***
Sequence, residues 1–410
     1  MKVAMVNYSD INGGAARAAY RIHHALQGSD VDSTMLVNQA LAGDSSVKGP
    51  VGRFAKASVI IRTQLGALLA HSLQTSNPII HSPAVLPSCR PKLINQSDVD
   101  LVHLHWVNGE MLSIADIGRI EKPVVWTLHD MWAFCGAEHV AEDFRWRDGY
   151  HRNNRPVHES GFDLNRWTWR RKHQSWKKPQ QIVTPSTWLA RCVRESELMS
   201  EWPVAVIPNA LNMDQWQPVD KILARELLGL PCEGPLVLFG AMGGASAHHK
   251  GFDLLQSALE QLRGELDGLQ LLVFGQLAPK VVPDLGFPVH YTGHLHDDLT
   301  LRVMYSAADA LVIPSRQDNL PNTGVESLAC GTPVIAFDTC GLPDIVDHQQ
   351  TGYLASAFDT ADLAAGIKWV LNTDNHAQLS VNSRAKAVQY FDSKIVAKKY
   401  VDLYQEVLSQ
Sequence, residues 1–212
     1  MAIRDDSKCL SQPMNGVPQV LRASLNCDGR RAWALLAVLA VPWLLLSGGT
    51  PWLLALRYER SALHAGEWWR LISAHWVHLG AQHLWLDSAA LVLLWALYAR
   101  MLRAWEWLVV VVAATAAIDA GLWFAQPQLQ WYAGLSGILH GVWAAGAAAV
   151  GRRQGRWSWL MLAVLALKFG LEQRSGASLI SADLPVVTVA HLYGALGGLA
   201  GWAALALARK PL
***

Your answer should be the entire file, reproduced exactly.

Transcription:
Sequence, residues 1–410
     1  MKVAMVNYSD INGGAARAAY RIHHALQGSD VDSTMLVNQA LAGDSSVKGP
    51  VGRFAKASVI IRTQLGALLA HSLQTSNPII HSPAVLPSCR PKLINQSDVD
   101  LVHLHWVNGE MLSIADIGRI EKPVVWTLHD MWAFCGAEHV AEDFRWRDGY
   151  HRNNRPVHES GFDLNRWTWR RKHQSWKKPQ QIVTPSTWLA RCVRESELMS
   201  EWPVAVIPNA LNMDQWQPVD KILARELLGL PCEGPLVLFG AMGGASAHHK
   251  GFDLLQSALE QLRGELDGLQ LLVFGQLAPK VVPDLGFPVH YTGHLHDDLT
   301  LRVMYSAADA LVIPSRQDNL PNTGVESLAC GTPVIAFDTC GLPDIVDHQQ
   351  TGYLASAFDT ADLAAGIKWV LNTDNHAQLS VNSRAKAVQY FDSKIVAKKY
   401  VDLYQEVLSQ
Sequence, residues 1–212
     1  MAIRDDSKCL SQPMNGVPQV LRASLNCDGR RAWALLAVLA VPWLLLSGGT
    51  PWLLALRYER SALHAGEWWR LISAHWVHLG AQHLWLDSAA LVLLWALYAR
   101  MLRAWEWLVV VVAATAAIDA GLWFAQPQLQ WYAGLSGILH GVWAAGAAAV
   151  GRRQGRWSWL MLAVLALKFG LEQRSGASLI SADLPVVTVA HLYGALGGLA
   201  GWAALALARK PL